A new study by researchers at Brigham and Women’s Hospital, an affiliate of Harvard Medical School, found that the rate of paid medical malpractice claims in the U.S. has declined by 55.7% over the past two decades (1992-2014) while average payouts have increased about 23%, based on data in the National Practitioner Data Bank.

The study also found that the most common type of allegation was an error in diagnosis (31.8% of all paid claims), followed by errors related to surgery (26.9%) and errors related to medication or treatment (24.5%).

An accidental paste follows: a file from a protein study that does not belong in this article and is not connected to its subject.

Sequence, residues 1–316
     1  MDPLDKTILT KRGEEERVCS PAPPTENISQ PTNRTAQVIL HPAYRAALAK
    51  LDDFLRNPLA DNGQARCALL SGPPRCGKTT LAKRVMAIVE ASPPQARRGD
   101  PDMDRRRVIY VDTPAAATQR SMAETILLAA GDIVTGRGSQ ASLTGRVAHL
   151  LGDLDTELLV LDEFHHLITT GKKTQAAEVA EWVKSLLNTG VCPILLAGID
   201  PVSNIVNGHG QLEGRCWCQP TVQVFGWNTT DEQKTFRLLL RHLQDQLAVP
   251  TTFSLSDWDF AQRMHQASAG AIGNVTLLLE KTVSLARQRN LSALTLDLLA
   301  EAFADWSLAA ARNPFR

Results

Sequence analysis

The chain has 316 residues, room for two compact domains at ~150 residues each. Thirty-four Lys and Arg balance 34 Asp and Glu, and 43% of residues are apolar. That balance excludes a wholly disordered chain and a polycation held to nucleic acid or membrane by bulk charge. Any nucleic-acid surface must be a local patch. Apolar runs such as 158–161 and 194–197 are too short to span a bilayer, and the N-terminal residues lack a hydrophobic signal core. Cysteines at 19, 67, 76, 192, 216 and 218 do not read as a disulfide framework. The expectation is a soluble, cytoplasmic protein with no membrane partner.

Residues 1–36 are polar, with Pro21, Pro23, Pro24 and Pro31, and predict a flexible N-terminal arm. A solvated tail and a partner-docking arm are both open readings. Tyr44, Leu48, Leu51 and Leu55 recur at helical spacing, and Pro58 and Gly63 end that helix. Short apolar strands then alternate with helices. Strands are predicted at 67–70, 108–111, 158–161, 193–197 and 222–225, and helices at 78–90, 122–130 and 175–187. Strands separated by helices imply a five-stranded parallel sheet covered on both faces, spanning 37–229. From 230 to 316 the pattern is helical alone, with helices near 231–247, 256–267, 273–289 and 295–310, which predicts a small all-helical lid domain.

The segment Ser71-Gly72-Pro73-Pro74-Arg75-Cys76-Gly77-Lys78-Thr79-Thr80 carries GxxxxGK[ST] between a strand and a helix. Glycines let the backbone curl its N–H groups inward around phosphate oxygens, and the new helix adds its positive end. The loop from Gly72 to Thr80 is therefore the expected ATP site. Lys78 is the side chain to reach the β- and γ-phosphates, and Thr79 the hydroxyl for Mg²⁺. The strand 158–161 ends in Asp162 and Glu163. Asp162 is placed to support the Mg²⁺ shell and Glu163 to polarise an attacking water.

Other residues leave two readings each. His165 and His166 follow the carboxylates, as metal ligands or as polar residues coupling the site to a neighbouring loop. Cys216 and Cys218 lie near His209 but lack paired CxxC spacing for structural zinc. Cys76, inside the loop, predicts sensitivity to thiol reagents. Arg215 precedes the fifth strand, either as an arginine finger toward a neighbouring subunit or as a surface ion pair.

The hospital’s press release calls the study the first to examine paid medical malpractice claims by physician specialty on a national level. The results were published on March 27 in the American Medical Association’s publication, JAMA Internal Medicine.